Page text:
I’m about to do something I vowed never to do – write a mom blog. Oh, how the mighty have fallen. This I promise you:
I promise never to describe the color, quantity or consistency of my child’s poop.
I promise never to describe the color, quantity or consistency of my child’s spit up.
Like, seriously mom bloggers, stop it and leave that to webmd.
Proverbs 21:19 Better to live in a desert than with a quarrelsome and nagging wife.
I was 4 months pregnant when my husband said, “I’ve been reading a lot about natural child birth.”
“Hippie, no! Stop right there. When YOU have the next baby, we’ll talk about it.”
“Hear me out. I’ve read a lot about the effects of medication in labor…”
“Oh really? Read anything about the success rate of marriages afterwards?”
He never brought it up again.
Stage 1: Denial.
For an entire day I was having contraction-like stomach pain. I mentioned this to Jon and forced it to go away. That’s right. In complete denial I thought I had actually “willed it” to stop.
It was just like the movies. Out of nowhere, a happy unsuspecting prego keels over in the midst of an intense contraction. At 2 am I woke up and went to my bathroom, praying that this was not labor but simply about to be the worst bathroom experience of my life.
Stage 2: Fear & Suppression.
It wasn’t. “If this is a contraction,” I whispered to myself “I’m in so.. .much …TROUBLE...”
I prayed for the rapture but Jesus never came. The nerve.
I took a deep breath, left the safety of my bathroom and did what all the doctors and midwives said to do: Call the nurse line and explain your contractions before you decide rush to the hospital. After a few unsuccessful phone calls and terrible contractions my husband said, “Get in the car.”
“But the midwives said…”
“Get in the car.”
I guess he’s not keen on the idea of kitchen-floor-daddy-deliveries.
Stage 3: Compliance.
I was going to have a baby.
April 5th was the day ALL THE babies were born. I was told I would be waiting in triage a little longer than usual because there were no delivery rooms available.
No room in the inn.
The nurse asked me what my pain level was. “Ten.” I said without hesitation. She shot me a funny look and rolled her eyes as if to say, “Oh honey, please. This is labor and you’ve just started.” During the next contraction she checked me. “Oh. Okay. So you are experiencing back labor.” Meaning my kid wanted to be born looking at the sky. Not the usual position and sometimes more painful.
HA! Back labor. I’m not a wimp. Vindication.
Stage 4: Rage.
“What are your plans for pain management? Do you want an epidural?” She asked. I couldn’t find the words to say, “I don’t want this pain but I also don’t want you or anyone else touching me and I can’t figure out which scenario I hate more. Also, I hate you.” So we just stared at each other a long while in complete silence.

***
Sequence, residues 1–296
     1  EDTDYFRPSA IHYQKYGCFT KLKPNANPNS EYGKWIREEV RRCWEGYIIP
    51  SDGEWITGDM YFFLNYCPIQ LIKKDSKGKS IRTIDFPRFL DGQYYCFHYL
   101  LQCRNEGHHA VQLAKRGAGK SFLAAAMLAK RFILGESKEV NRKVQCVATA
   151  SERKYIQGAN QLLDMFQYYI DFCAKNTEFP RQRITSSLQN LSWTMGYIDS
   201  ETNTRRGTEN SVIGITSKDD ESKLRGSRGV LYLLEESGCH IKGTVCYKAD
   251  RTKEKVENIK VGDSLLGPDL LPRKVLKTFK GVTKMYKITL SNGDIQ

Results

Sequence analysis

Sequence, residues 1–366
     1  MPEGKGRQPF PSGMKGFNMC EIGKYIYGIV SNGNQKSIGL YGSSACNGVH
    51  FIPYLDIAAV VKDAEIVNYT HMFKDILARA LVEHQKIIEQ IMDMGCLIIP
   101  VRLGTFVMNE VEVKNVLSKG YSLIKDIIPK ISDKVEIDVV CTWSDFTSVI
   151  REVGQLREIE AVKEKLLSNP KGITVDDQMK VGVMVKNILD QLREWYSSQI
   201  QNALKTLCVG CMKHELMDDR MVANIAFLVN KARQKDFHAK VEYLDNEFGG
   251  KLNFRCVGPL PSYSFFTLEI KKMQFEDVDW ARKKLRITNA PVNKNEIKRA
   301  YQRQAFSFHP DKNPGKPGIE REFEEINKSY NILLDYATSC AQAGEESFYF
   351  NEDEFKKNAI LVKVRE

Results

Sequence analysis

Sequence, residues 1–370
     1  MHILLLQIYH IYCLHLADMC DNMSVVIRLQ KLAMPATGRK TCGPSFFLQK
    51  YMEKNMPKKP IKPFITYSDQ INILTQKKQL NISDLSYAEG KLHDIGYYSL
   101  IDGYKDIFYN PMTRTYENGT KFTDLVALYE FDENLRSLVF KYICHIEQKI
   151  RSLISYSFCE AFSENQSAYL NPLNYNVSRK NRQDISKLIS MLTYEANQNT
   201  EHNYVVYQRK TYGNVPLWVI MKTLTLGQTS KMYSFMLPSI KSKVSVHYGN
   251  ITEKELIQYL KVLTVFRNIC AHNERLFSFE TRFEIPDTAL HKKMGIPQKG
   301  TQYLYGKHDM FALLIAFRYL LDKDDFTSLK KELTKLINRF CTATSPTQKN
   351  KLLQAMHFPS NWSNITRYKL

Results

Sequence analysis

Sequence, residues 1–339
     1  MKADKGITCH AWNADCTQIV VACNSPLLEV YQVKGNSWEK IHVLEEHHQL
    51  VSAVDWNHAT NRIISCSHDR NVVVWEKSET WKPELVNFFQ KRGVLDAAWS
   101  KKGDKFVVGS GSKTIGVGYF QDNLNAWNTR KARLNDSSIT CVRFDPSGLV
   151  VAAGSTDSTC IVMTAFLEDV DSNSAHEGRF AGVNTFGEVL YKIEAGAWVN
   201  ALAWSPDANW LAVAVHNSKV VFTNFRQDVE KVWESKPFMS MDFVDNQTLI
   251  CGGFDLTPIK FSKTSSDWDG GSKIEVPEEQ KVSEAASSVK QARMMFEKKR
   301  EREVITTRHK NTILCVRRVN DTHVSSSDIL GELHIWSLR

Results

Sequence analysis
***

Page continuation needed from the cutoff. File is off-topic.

She eventually left. We never spoke again.
I sat in triage for hours. My squeamish husband was a trooper. Held my hand and distracted himself with beeping monitors.
Jon, “Cool! It shows how big your contractions are!”
Me, “That’s fantastic.”
“That last one was almost off the charts!”
“Yeah. I KNOW.”
“…maybe I’ll go get your pillow from the car.”
“You do that.”
Stage 5: Impatience.
In the early morning, my sister and mom visited me, still in triage. I was ready to run into someone else’s room, lay on the floor next to a delivering mom and coach her lazy, selfish baby out into the world. “Get it done woman or scoot the hell over.”
Finally, my sister went to the nurse,“My sister is about drop a baby in your triage.”
They gave me a room.
Step 6: Delusions and Paranoia.
I began to believe everyone, including my own mother, was lying to me about any progress whatsoever.
Some more rage.
Step 7: Ownereship. (And/Or Hunger)
I looked at the clock. “(explicit language) Lunchtime. I want to be eating a (explicit language) chicken burger by (explicit language) lunchtime.”
I’ll spare you the rest of the details. Jon buried his face in a pillow, I had a baby and then I had (explicit language) Chick-fil-A.
The moral of the story: Don’t mock your husband or you’ll push out an upside down baby completely lucid and your husband will be the traumatized one.
Proverbs 27:15-16 A continual dripping on a rainy day and a contentious wife are alike. Trying to keep her in check is like stopping a wind storm or grabbing oil with your right hand.
(Yes, I’m being sarcastic. Those proverbs are hilarious though.)
Memphis Matthew Lee
born 10:39 a.m
April 5 2016.
6lbs 4 oz 19 inches long.